top of page

Are jobs valuable? - Feature article

Updated: Jul 21, 2023

It is summer 2023 and here is a snapshot of the business scene in the UK; our country’s economic growth can be described as sluggish at best; meanwhile, businesses are grappling with a host of inflationary pressures and rising costs.


Hence, the private sector would likely welcome any initiative that aims to help, and to bang the drum for the role business plays in our society as a force for good. So, in that context, the launch of a new independent charity called The Jobs Foundation is certainly welcome.



Put simply, businesses – and the jobs they create – underpin our whole society through the taxes they generate. These funds are levied into the public purse and are used to pay for the public services - such as schools, hospitals and social care - that people from across society then access throughout their lives.


A core aim of business is to create wealth. While the notion of a ‘profit’ can sometimes be regarded as a dirty word, surely this should not be the case when results are delivered in a responsible manner?


Rather, profitable businesses, conducting themselves in an ethical way, ought probably to be applauded for the wealth they are creating and the associated benefits that are generated for people, our society and Great Britain as a result. After all, profits are not a foregone conclusion for the risk-takers and many a business has suffered a loss.


Wealth creation is just one reason why the message the Jobs Foundation will aim to promote – that of business being a force for good – is so important. Does it not therefore sound like an excellent idea to inspire future generations to want to get into business, to become entrepreneurs and to change the world in ways that the likes of Elon Musk are doing at present and others have done in the past?


You certainly do not have to look far in the West Midlands to find such inspirational figures. Industrialists such as James Watt and other members of the Lunar Society developed innovations in the 18th and 19th centuries that changed the way business was done and in turn transformed the world. They paved the way for the creation of millions of jobs, ultimately helping to improve standards of living across society.


It was with good reason that Birmingham was known as the ‘workshop of the world’ and the Black Country as the area that produced the spark that lit the Industrial Revolution.

Today, businesses come in many shapes and sizes, with small and medium sized enterprises continuing to make up the bulk of the UK’s economy and workforce.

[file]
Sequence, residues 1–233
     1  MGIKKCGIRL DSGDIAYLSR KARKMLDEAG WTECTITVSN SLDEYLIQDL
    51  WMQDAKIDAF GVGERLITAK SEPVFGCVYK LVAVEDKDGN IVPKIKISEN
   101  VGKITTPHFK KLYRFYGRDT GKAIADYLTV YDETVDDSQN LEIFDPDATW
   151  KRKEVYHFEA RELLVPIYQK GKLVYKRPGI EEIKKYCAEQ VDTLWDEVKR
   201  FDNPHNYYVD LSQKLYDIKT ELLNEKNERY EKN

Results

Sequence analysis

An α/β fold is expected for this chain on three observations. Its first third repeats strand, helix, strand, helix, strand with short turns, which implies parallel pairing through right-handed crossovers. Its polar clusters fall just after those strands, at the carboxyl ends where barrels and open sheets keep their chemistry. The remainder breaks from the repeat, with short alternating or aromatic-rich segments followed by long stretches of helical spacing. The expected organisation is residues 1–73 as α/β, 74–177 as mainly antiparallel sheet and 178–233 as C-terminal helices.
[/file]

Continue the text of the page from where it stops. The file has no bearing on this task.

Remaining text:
The Institute for Family Business estimates that family-led businesses, such as our own, employ over 14 million people in the UK. In turn these businesses contribute over 25% of the country’s GDP and pay nearly £200 billion every year to the Government in the form of tax, which in turn funds everything from new warships to the NHS.


Our own family concern was born in the Black Country, and has now evolved into an international business. Yet we remain proud of the efforts we are involved in to create jobs here and across the UK.


One such example of creating economic activity is the West Midlands Designer Outlet in Cannock, developed in conjunction with our partners McArthurGlen, which has been a popular hit with shoppers since it opened in April 2021.


Our marvellous £150 million centre has created over 1,000 jobs. With over 3 million people visiting it every year, the project also provides a significant boost to the wider regional economy.


Plans are now being developed for a second phase of development. This would almost double the size of the retail and leisure offering, create hundreds of additional new jobs for people living in the area, and, of course, generate additional taxes such as National Insurance, business rates and corporation tax.


So, why are jobs important for their own sake?


Fundamentally, they remain the route out of poverty for millions of people. An independent body called the Social Metrics Commission has found that securing a full-time salaried job reduces the risk of falling into poverty by 90 percent.


Being in employment has two significant social benefits. Firstly, having a productive and meaningful job helps people to learn and develop new skills, afford a better standard of living, (and of course, pay tax). Secondly, having a consistent income and work routine also helps to improve people’s mental health and wellbeing.


Unfortunately, too many people across the country are out of work. Latest figures from the office for National Statistics (ONS) show that while employment rates in the UK continue to hold up well, there are still 10 million people aged between 16-64 who are either unemployed or economically inactive. Here in the West Midlands the unemployment rate is 5.1%, significantly higher than the national average of 3.8%.


Can we agree then that we need more business risk-takers creating more jobs?


If yes, then jobs matter and there remains work to do on that front. Having a new organisation such as the Jobs Foundation reinforces the point to government, the media and the public. Is it not the case that this is a good thing for individuals, businesses and ultimately the wider economic health of the nation?


Carl Richardson is a Partner of Richardsons Capital LLP.

This article first appeared in the Express & Star on 11th July 2023

 

Want to listen to this article - try our audio version below.




Comments


bottom of page